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Chiffon cake tastes as elegant as it sounds. Set aside the boxed cakes this holiday season and really dress up the dessert table with an elegant Chiffon cake.
Chiffon cake is part of the egg foam cake family, similar to an Angel Food Cake or Genoise Cake. Like the rest of egg foams, a chiffon is a light and airy cake. It acquires its airy texture and volume from beaten egg whites. Unlike the other members of the egg foam cake family, the chiffon sets itself apart because of one ingredient, oil. Chiffon cakes are typically made with a bit of vegetable oil, this makes them very moist and prevents them from drying out as much as other cakes do.
A chiffon cake is a perfect blank slate for many other desserts. Since the addition of the vegetable oil makes the chiffon a bit more sturdy of a cake, it can be filled with frostings and fillings. Or, the cake can also be baked into sheet cakes and/or cupcakes. The versatility of the chiffon allows it to become many other desserts.
If you are assigned to bring a dessert somewhere this holiday season the chiffon is a perfect choice. This delectable and versatile cake will have everyone asking for seconds.
6 egg whites
1 ½ cups sugar
4 egg yolks
½ cup canola oil
½ cup water
1 teaspoon vanilla
1 ½ cups flour
1 tablespoon baking powder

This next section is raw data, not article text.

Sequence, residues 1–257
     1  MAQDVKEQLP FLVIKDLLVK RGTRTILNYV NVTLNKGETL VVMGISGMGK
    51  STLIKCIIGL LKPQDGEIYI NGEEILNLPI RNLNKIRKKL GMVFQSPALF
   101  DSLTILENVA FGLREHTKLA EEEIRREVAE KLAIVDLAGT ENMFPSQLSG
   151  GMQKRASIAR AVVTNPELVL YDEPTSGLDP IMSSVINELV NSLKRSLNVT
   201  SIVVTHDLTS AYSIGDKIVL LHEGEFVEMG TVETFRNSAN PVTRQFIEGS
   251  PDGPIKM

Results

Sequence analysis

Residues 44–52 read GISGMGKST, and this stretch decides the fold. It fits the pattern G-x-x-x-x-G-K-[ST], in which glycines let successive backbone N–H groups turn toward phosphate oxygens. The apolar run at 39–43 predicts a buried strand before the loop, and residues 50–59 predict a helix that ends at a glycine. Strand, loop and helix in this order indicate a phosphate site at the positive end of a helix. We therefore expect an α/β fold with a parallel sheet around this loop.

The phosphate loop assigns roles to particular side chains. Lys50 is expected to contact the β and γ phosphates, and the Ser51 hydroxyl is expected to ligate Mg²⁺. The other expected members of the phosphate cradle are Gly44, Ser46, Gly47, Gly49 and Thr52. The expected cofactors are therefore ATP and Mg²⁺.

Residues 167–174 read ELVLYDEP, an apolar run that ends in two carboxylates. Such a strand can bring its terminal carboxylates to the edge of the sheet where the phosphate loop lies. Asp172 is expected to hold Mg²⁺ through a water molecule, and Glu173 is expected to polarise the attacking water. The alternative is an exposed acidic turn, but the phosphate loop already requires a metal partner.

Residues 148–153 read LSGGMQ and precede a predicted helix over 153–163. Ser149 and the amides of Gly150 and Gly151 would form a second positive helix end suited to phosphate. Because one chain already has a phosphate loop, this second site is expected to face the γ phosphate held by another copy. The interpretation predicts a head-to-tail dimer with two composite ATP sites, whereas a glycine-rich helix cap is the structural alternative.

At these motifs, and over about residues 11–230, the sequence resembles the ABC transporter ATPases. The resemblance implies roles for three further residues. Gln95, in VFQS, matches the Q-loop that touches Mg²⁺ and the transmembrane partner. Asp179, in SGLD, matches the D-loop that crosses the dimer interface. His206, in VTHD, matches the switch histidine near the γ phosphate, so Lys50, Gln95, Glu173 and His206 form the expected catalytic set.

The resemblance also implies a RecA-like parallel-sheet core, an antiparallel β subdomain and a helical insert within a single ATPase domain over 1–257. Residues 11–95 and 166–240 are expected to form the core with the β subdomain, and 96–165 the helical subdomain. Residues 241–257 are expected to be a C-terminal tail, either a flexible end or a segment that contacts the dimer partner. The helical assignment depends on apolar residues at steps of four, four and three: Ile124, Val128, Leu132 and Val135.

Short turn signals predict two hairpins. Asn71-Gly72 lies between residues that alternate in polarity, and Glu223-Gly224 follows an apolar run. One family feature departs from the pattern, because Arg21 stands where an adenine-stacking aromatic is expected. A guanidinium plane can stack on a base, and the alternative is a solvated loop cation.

Pinch of salt
1. Adjust oven rack to middle position and heat to 350 degrees. Line two 8 inch pans with parchment paper.
2. Warm the eggs by letting them sit in a bowl of hot water for about 5 minutes. When warm, crack the eggs and separate the yolks from the whites.
3. Beat whites until soft peaks begin to form. Gradually add ½ cup sugar while continuing to beat until the whites are very stiff.
4. Mix together egg yolks, oil, water and vanilla in a small bowl.
5. Sift together the sugar, flour, baking powder and salt in a large bowl.
6. Add the yolk mixture to the dry ingredients and mix well. Carefully fold in the beaten egg whites until well combined.
7. Divide the batter evenly into the two pans. Bake for around 1 hour, until the center springs back when lightly pressed and a toothpick comes out clean. Let the cakes cool, then unmold.
Recipe courtesy of pastry chef Greg “Mr. Cake” Case, 2012.
In 1978, Greg Case was working four jobs to pay for his Manhattan tenement apartment. The apartment was run-down but the location was perfect: down the hall from the hairdresser for Good Morning Ameri